Urs Wietlisbach recalls the founding period of the Partners Group and reveals the key factors behind the success of his firm. He then speaks about the importance of sustainable investing and how the future can be shaped by financial institutions and institutional investors. Lastly, he explains why in his opinion, nobody deserves to be a billionaire.
Urs Wietlisbach, you quit your job at Goldman Sachs to co-found what turned out to be one of the industry’s most successful Private Equity firms. At what point did you realize your entrepreneurial endeavor had been successful?
This was relatively early in Partners Group’s history. We were still very small back then, maybe a team of 10-15 people, so we didn’t have an impressive track record. But there was a businessman we knew who insisted he wanted to buy shares in our company – something we had no intention of doing at the time. Because he didn’t give up and kept insisting he wanted to invest, we finally made him a cheeky offer at greatly inflated valuation – admittedly more to get rid of him. When he was still willing to invest, despite the excessive valuation, I realized that our firm was a success. To venture into self-employment and then see it pay off was a very nice feeling indeed.
As a founder and entrepreneur, what would you say were the key factors behind the success of Partners Group?
The most important basic principle at Partners Group has always been entrepreneurial thinking. To encourage that entrepreneurial mindset, we have always sought to incentivize our employees by aligning remuneration with the company’s long-term performance and enabling their participation in its success. Historically, this was done predominantly through share ownership; today, greater emphasis is placed on rewards derived from investment performance, or ‘carried interest’.
The second key principle behind our success is paranoia. We constantly question ourselves and I firmly believe that it is one of our greatest strengths that we don’t take anything for granted, despite our success to-date. For me, this extends to the fact that, for example, I still have an Oyster Card and take the tube when I am in London, rather than getting a driver.
What is the best advice you can give to students who are starting their career?
There are several things I would advise students to be mindful of.
Firstly, it’s a virtue to be able to listen. Everyone can talk, but not everyone can listen. This is not only true in the workplace, but also in everyday life. Listening is the only way to understand someone correctly and respond to them, to recognize their wishes and problems and quickly offer tailor-made solutions. For those students who are considering a career in sales, this is especially important. You have to lead your client to the sale by showing him or her exactly why he or she wants your product or solution. You have to present them with the solution to a problem that they did not even know they had. If you then manage to take the client by the hand in a conversation and make them see for themself why they need your product or service, you are very close to winning that deal. That applies to all negotiations, by the way. For example, if you want your employees to do something, you can approach this in two ways. You can either tell them what to do or you can take them by the hand and show them the way. If they end up believing that they came up with the idea by themselves, they will fully commit to its implementation.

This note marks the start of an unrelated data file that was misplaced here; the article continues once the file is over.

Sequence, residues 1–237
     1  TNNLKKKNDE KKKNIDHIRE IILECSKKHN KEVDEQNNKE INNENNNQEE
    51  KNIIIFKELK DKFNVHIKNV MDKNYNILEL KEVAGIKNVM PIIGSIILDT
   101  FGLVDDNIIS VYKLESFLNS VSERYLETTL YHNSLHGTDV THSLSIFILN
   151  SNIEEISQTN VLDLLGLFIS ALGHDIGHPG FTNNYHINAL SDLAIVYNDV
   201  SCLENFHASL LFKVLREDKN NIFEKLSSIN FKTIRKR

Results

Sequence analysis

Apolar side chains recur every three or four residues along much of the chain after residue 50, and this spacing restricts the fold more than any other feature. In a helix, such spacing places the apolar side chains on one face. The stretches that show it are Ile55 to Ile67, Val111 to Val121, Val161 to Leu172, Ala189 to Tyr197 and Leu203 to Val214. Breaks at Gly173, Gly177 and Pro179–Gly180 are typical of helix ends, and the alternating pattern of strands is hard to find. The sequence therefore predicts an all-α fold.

My second point relates to attitude. Graduates from HSG think they are already the greatest, but the reality is very different. At university, you fill your mind with textbook knowledge. This is enormously important and forms the basis for later learning. However, the really crucial knowledge is acquired in practice, especially during the first five years of working. That’s when the wheat separates from the chaff. In my observation, many recent graduates think only about career progression when they start working. That’s wrong in my opinion. I always advise students to “think contribution, not career”. If the contribution and the mindset are right, then the career develops automatically.
Another decisive factor is curiosity. When I started at Goldman Sachs, there was a training program for all the analysts before we started working for the company. Now, there are two possible ways to go about this training. Either you go along for the ride and absorb the basics, or you approach it like I did and pester everyone with questions about commodities, trade finance, options and derivatives. I wanted to be a generalist first, before specializing. That has advantages and disadvantages. The advantage of specializing early in your career is that you can move faster up the food chain from the beginning. At some point, however, the progress stops, and it never quite leads to the very top. The goal of a derivatives specialist must be to become “head of derivatives”. However, a company only needs one of these. If, on the other hand, you stay a generalist for longer and fill your mind with more knowledge, you have better chances of progressing further in the long run.
Lastly, for those students with entrepreneurial ambitions, I am convinced that the best approach is to train with a large company after graduating and only after that take the step into self-employment. Sometimes, however, the timing can be hard to judge. Many would-be entrepreneurs end up missing the exit and staying with a big company for too long. They have a good salary, feel secure, see the career ladder ahead of them and forget their entrepreneurial ambitions.